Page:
By mile 18 my calf locked up, I was 17 lovely shades of blue and purple, run/walking, then just walking and shivering, and at mile 21 my shoulder angel and devil decided to make an appearance. “It’s only five more miles, you can totally do this, collect your medal, and take a nice eleven and a half hour shower with the water on scorching!” said the prideful devil turning my face and staring me down intently. “What are you going to gain from this run that will help you prep for Boston? A medal? A nice calf injury and hypothermia with a side of upper respiratory infection? What would you tell one of your runners?” queried the exasperated angel backhanding the side of my face. Feeling defeated, but knowing I was making the right decision I flicked the little devil into one of the massive freezing cold puddles and walked off the course. It was the first time I’ve ever DNF’d a race, even though the LA Marathon website has me finishing in 3:45 or something, and the almost shameful feeling that settled in was one that lingered like a storm cloud following Snoopy, zapping him as he tried to escape it.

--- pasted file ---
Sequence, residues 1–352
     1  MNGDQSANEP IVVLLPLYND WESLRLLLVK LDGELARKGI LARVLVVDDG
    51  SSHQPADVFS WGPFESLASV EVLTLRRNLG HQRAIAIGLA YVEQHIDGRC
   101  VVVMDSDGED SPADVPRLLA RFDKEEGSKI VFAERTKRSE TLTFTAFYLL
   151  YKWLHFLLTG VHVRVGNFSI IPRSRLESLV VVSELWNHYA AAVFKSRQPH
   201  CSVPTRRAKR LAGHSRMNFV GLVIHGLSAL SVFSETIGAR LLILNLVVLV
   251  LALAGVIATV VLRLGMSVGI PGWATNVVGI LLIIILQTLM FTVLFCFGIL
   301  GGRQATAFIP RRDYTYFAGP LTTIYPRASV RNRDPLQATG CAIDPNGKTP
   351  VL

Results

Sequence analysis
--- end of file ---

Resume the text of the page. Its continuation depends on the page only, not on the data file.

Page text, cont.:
The week after LA was all about getting that irksome, deafening, prideful little voice to, as my Pappy would say, “stifle thy self.” Tuesday was back to the routine with work, training, and refocusing on the prize, Boston. Each day whipped past and then I found myself sitting at my computer working on training plans on a decent Sunday afternoon passively looking for motivation to even leave my apartment, let alone go for a long, hilly and completely isolated 21-mile run. But, in a flash, there was a nudge and another and one more and as they flashed upon my twitter feed it was time to man up and get my ass in gear. I ate, hydrated, got all my gear together, and marshaled myself to a course that I tell anyone I train, “Do NOT do this alone.” I needed to do it. I needed a real test for my legs that was challenging and done at a pace indicative of my training and aspirations for Boston.